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Hoffmann, R. A wiki for the life sciences where authorship matters. Nature Genetics (2008)

Influence of vagal integrity on gastrin and somatostatin release in dogs.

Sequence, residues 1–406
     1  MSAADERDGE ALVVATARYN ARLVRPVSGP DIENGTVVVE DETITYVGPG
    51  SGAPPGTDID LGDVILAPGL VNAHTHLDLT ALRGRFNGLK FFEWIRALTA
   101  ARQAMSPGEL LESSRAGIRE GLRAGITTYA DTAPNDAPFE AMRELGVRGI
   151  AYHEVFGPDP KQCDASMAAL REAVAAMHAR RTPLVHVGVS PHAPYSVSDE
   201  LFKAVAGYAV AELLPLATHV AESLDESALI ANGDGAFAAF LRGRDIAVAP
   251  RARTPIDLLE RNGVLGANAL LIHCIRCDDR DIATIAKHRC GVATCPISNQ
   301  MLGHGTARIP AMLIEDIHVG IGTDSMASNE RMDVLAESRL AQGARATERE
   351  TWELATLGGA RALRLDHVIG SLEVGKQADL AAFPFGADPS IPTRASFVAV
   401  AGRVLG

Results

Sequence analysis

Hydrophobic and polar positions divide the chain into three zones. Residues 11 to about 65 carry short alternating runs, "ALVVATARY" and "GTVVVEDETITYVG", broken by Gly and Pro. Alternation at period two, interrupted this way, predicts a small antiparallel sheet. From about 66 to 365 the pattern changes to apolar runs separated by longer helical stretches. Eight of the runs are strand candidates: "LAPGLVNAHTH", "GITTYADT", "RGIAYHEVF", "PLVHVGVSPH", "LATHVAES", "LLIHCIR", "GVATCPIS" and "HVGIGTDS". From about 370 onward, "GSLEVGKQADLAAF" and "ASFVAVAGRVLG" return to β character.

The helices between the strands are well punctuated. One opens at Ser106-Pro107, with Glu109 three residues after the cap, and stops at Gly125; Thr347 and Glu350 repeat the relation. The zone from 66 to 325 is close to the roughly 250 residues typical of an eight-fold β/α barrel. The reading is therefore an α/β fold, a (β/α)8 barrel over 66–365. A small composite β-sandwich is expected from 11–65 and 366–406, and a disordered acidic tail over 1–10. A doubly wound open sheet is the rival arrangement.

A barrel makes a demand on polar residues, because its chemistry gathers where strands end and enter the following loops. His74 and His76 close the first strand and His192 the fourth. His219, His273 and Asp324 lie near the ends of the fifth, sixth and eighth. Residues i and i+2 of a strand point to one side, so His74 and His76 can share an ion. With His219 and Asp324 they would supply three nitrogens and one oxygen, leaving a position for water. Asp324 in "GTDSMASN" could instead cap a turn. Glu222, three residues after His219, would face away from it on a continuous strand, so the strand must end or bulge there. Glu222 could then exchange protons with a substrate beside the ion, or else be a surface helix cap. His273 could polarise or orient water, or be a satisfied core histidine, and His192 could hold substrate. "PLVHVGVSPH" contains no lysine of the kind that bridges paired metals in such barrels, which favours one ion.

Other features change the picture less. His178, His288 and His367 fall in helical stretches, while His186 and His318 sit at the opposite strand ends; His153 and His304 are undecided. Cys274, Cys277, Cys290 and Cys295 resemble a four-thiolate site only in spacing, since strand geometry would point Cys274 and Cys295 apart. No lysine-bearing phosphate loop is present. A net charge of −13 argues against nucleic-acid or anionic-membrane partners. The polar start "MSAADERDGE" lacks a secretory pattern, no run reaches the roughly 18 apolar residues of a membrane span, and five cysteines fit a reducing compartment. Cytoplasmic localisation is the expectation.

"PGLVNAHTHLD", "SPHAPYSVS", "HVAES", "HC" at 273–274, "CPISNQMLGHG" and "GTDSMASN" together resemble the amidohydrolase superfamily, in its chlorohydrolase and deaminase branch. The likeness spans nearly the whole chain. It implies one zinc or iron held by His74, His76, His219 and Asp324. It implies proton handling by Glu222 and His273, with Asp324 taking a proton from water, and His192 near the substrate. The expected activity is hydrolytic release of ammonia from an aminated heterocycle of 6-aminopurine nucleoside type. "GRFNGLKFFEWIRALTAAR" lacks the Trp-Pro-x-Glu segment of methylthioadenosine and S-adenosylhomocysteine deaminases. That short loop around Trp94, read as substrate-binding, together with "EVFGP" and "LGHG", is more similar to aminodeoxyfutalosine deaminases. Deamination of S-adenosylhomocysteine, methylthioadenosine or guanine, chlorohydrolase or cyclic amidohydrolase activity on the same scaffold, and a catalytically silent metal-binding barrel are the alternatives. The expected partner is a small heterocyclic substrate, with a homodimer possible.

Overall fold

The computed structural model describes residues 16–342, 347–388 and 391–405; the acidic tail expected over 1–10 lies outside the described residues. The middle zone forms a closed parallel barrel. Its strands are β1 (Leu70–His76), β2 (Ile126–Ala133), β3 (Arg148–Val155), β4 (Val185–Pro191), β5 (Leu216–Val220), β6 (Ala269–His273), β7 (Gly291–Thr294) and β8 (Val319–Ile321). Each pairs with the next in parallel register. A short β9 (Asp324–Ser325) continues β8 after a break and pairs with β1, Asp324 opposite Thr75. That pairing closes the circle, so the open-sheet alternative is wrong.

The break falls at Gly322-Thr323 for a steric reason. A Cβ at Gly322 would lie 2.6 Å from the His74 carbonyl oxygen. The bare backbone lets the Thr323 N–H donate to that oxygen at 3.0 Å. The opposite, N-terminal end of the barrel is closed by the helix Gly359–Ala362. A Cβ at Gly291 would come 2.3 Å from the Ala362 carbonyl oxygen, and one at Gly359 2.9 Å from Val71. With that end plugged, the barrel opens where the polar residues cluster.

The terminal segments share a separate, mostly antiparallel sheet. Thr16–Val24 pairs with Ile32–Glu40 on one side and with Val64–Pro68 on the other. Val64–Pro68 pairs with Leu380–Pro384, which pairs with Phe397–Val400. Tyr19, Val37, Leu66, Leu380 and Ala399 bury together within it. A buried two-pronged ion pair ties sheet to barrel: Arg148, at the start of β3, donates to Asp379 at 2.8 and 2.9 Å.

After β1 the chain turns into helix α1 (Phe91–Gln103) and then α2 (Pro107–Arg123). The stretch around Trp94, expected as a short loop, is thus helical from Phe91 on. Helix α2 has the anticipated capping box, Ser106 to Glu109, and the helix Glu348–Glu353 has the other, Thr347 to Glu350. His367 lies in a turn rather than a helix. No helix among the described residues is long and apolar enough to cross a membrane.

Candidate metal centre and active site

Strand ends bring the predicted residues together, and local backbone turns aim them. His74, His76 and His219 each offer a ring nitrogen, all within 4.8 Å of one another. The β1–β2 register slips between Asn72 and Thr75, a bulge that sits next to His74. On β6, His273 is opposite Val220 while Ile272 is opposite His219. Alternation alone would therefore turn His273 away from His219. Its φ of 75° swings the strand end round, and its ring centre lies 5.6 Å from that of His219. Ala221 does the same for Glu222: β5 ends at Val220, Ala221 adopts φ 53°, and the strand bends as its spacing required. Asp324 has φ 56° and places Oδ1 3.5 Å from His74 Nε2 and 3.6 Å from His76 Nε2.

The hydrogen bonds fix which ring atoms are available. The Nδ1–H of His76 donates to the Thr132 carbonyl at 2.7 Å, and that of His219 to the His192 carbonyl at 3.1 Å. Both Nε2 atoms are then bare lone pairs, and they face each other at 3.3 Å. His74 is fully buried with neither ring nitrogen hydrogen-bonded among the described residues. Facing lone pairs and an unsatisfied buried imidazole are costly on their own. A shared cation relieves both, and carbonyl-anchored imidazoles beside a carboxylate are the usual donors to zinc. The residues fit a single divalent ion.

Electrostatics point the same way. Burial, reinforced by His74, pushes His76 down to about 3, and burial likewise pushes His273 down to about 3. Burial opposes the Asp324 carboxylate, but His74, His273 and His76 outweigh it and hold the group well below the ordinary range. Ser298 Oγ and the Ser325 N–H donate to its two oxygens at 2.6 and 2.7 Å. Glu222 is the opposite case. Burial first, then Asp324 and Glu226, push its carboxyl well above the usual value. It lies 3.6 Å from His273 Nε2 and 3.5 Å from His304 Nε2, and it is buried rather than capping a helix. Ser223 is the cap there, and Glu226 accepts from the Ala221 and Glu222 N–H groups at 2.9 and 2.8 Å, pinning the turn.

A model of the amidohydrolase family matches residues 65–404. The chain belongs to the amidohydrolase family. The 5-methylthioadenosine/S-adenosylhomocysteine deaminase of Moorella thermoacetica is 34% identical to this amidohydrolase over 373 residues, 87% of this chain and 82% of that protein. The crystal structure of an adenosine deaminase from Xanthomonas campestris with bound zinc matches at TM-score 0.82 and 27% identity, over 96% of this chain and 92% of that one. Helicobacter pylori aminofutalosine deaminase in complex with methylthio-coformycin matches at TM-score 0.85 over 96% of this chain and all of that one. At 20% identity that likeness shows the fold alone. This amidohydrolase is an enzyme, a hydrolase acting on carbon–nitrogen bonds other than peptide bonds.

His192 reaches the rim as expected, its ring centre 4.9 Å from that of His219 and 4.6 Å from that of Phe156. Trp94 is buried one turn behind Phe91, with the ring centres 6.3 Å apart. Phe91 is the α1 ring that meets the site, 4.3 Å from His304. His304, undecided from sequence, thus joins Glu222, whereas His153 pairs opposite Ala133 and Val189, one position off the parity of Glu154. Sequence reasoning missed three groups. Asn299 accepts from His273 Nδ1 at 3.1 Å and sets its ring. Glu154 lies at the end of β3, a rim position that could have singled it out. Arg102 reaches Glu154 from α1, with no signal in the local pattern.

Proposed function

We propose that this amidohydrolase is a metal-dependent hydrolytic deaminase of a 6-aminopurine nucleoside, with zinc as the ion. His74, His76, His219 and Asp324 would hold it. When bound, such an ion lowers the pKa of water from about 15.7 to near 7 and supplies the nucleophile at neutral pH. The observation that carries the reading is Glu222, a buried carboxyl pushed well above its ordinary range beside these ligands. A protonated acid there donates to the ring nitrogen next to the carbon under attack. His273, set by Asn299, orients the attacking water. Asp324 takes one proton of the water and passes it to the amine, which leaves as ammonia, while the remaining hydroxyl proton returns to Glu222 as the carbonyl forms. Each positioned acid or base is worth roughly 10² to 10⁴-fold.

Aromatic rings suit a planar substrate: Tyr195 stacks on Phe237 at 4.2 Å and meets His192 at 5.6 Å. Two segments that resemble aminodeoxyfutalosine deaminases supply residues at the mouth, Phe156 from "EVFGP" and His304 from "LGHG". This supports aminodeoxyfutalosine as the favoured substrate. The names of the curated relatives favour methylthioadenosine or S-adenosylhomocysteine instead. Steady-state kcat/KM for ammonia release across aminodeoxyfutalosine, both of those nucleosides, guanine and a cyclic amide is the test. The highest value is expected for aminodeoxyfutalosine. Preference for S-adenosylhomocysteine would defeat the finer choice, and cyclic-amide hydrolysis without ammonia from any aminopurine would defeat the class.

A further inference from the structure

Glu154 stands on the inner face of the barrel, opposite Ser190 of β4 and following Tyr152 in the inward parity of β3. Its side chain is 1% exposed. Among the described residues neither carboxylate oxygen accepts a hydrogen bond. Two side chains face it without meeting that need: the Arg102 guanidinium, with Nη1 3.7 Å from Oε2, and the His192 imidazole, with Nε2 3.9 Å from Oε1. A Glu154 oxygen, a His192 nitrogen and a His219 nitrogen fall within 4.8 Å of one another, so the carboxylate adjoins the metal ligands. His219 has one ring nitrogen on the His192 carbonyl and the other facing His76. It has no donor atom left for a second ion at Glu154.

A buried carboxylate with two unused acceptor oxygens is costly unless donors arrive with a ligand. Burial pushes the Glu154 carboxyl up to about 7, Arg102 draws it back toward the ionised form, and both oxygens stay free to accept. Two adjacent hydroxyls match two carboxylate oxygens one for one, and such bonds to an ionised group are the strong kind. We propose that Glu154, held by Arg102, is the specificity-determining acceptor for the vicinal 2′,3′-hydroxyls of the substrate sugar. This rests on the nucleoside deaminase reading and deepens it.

Plasma gastrin and somatostatin responses to ingestion of a solid meal, to insulin hypoglycemia, and to intravenous infusion of gastrin-releasing peptide were measured in 4 conscious dogs with and without bilateral cryogenic blockade of the cervical vagus nerves. Vagal cooling to -2 degrees C abolished meal-stimulated rises in plasma gastrin and somatostatin. Atropine did not modify the gastrin response to cooling but bethanechol reduced the magnitude of inhibition to 37% +/- 9% without influencing plasma somatostatin. Gastrin-releasing peptide elevated postprandial plasma gastrin during vagal blockade to levels comparable to those with the vagus intact but did not alter the nadir plasma somatostatin response. The plasma gastrin and somatostatin rises associated with insulin hypoglycemia were similarly inhibited by cooling to -2 degrees C. Cooling to 12 degrees C, which selectively blocks vagal inhibitory pathways, had no effect on meal-stimulated gastrin release and partially decreased the plasma gastrin response to insulin hypoglycemia. Thus, gastrin release by food and by insulin hypoglycemia is mediated by a vagal nonmuscarinic excitatory pathway that is independent of changes in circulating plasma somatostatin but may include participation by the candidate neurotransmitter gastrin-releasing peptide.[1]


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